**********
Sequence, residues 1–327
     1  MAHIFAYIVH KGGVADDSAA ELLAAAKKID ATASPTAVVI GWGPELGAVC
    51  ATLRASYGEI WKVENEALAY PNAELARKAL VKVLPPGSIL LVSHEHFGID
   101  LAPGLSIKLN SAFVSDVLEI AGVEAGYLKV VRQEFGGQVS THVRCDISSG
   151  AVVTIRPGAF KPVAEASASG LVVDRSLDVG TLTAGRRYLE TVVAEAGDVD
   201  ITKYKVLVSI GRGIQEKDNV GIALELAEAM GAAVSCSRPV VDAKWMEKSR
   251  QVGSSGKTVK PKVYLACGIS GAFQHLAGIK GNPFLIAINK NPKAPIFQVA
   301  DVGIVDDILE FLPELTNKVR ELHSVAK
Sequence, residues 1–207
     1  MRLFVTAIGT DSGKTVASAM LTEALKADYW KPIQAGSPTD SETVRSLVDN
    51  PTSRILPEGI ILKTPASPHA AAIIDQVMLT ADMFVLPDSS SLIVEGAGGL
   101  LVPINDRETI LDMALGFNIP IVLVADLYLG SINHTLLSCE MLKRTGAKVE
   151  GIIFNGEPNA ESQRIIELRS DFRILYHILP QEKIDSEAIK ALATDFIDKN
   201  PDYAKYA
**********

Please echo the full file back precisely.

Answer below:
Sequence, residues 1–327
     1  MAHIFAYIVH KGGVADDSAA ELLAAAKKID ATASPTAVVI GWGPELGAVC
    51  ATLRASYGEI WKVENEALAY PNAELARKAL VKVLPPGSIL LVSHEHFGID
   101  LAPGLSIKLN SAFVSDVLEI AGVEAGYLKV VRQEFGGQVS THVRCDISSG
   151  AVVTIRPGAF KPVAEASASG LVVDRSLDVG TLTAGRRYLE TVVAEAGDVD
   201  ITKYKVLVSI GRGIQEKDNV GIALELAEAM GAAVSCSRPV VDAKWMEKSR
   251  QVGSSGKTVK PKVYLACGIS GAFQHLAGIK GNPFLIAINK NPKAPIFQVA
   301  DVGIVDDILE FLPELTNKVR ELHSVAK
Sequence, residues 1–207
     1  MRLFVTAIGT DSGKTVASAM LTEALKADYW KPIQAGSPTD SETVRSLVDN
    51  PTSRILPEGI ILKTPASPHA AAIIDQVMLT ADMFVLPDSS SLIVEGAGGL
   101  LVPINDRETI LDMALGFNIP IVLVADLYLG SINHTLLSCE MLKRTGAKVE
   151  GIIFNGEPNA ESQRIIELRS DFRILYHILP QEKIDSEAIK ALATDFIDKN
   201  PDYAKYA